Central nervous system (CNS) complications are common among people with HIV (PWH), even those who are taking antiretroviral therapy (ART). The spectrum of CNS complications is broad, ranging from mild cognitive deficits that do not affect daily functioning to life-threatening encephalitis. Cognitive and mood disorders are among the most common CNS diseases that affect PWH and share a common risk factor, inflammation. Inflammation persists in effectively treated PWH for multiple reasons, including production of HIV RNA and proteins and gut dysbiosis and microbial translocation. CHARTER is a multisite, U.S.-based, neuroHIV cohort study that is funded by NIH and that has investigated CNS disorders in PWH for nearly two decades, during which it has completed more than 6,000 assessments generating more than 10 million data points. CHARTER has made important contributions to understanding the frequency, risk factors, and pathogenesis of these disorders. In recent years, new questions have arisen about the heterogeneity, biological basis, clinical impact, and management of CNS disorders. This debate has highlighted the need to create new classifications of CNS disorders in PWH that are more biology-based. We propose to use methods such as machine learning and an agnostic approach to categorize CHARTER?s high-dimensional neurobehavioral, neuromedical, psychiatric, substance use, and imaging data. Such analyses would yield not just cognitive phenotypes but biopsychosocial (BPS) phenotypes that could identify new mechanisms that lead to clinically useful diagnostic tests, new therapies, and better management of CNS disorders in PWH. Our overarching goal is to leverage prior investment in CHARTER by using its data and stored specimens to a) better understand cognitive and BPS phenotypes in PWH and b) relate them to biological mechanisms. To accomplish this, we will use unsupervised and supervised machine learning methods to analyze data from CHARTER?s comprehensive assessments with the goal of identifying new cognitive and BPS phenotypes (Aim 1). We will then compare these new phenotypes to high-dimensional data from CHARTER?s completed genomewide association study as well as new data we will generate on inflammation (45-plex bead-based array) and highly novel assays of the microbiome and the metabolome in blood and CSF (Aim 2). Our analyses will include a specific focus how sex affects the observed relationships. To determine if this novel approach relates more strongly to biology than prior methods, we will also compare the performance of the new phenotypes to those defined by the 2007 HAND criteria. This highly innovative application is supported by strong preliminary data, responds well to Office of AIDS Research priorities, and will address key gaps in the field, including the need to better understand the pathogenesis of comorbid disease.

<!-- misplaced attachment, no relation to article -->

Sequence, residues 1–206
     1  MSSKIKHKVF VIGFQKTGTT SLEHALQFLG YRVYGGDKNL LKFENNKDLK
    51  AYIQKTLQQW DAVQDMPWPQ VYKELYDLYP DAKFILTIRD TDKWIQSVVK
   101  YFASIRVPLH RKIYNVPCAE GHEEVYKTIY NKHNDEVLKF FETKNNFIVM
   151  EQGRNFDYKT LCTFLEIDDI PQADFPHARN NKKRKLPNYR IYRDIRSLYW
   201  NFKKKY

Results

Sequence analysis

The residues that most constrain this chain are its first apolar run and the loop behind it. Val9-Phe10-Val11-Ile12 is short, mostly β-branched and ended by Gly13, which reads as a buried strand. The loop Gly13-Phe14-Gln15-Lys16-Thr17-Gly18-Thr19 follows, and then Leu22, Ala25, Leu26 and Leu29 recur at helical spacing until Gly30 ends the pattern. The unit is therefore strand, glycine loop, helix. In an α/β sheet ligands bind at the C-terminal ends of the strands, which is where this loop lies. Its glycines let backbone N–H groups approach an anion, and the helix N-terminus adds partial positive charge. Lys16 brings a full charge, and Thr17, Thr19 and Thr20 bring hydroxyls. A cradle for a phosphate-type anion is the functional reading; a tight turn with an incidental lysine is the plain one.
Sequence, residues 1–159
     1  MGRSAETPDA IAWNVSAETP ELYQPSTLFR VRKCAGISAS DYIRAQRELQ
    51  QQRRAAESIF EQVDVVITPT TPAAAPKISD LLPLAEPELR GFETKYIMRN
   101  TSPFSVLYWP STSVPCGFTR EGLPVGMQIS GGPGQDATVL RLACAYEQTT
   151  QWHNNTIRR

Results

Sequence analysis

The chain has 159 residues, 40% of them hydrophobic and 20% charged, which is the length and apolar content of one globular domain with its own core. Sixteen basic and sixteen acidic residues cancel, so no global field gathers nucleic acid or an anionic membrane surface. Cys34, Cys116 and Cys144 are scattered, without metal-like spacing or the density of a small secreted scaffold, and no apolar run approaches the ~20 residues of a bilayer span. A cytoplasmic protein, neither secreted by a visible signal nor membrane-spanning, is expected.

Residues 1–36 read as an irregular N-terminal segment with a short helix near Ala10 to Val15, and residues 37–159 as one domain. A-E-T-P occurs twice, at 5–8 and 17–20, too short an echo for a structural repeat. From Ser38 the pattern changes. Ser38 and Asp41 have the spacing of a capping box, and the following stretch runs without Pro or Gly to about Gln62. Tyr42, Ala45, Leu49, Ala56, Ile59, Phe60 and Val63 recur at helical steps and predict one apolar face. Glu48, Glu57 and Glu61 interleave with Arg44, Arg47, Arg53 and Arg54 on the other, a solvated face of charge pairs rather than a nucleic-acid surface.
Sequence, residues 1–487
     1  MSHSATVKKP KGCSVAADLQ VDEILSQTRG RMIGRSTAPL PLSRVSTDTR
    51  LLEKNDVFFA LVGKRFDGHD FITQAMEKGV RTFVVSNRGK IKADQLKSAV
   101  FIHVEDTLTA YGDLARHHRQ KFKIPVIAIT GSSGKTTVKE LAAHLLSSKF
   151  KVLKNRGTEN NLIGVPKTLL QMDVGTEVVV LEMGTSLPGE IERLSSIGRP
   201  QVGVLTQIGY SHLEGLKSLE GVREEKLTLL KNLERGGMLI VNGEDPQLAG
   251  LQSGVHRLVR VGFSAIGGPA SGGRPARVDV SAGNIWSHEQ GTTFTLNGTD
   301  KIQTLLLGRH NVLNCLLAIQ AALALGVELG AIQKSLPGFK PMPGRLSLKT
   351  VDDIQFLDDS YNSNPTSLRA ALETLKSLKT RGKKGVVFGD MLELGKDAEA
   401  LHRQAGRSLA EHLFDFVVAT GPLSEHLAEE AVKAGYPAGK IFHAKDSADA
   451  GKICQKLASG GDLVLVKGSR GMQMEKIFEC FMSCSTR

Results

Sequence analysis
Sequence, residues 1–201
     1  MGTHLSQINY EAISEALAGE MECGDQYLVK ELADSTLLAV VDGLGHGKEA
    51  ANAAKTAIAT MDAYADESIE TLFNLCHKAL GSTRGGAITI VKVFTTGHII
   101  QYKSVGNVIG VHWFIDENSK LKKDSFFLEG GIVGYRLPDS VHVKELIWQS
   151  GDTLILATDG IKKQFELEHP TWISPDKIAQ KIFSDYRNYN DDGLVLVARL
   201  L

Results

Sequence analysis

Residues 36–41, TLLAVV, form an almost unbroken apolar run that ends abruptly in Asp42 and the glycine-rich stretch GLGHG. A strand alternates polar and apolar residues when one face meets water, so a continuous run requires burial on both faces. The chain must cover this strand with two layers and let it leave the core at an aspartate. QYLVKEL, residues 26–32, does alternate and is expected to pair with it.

Public Health Relevance

Cognitive and mood disorders occur more commonly in people with HIV than in the general population but the field still does not fully understand why and has no effective therapies for most of those who are affected. This project will take a new approach to understanding how cognition, mood, substance use, and medical characteristics cluster together and will identify new biological mechanisms associated with these conditions. The successful project could lead to new diagnostic tests and therapies for these disorders, which would have substantial public health relevance.

National Institute of Health (NIH)
National Institute of Mental Health (NIMH)
Research Project (R01)
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HIV Comorbidities and Clinical Studies Study Section (HCCS)
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Rao, Vasudev
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University of California, San Diego
Internal Medicine/Medicine
Schools of Medicine
La Jolla
United States
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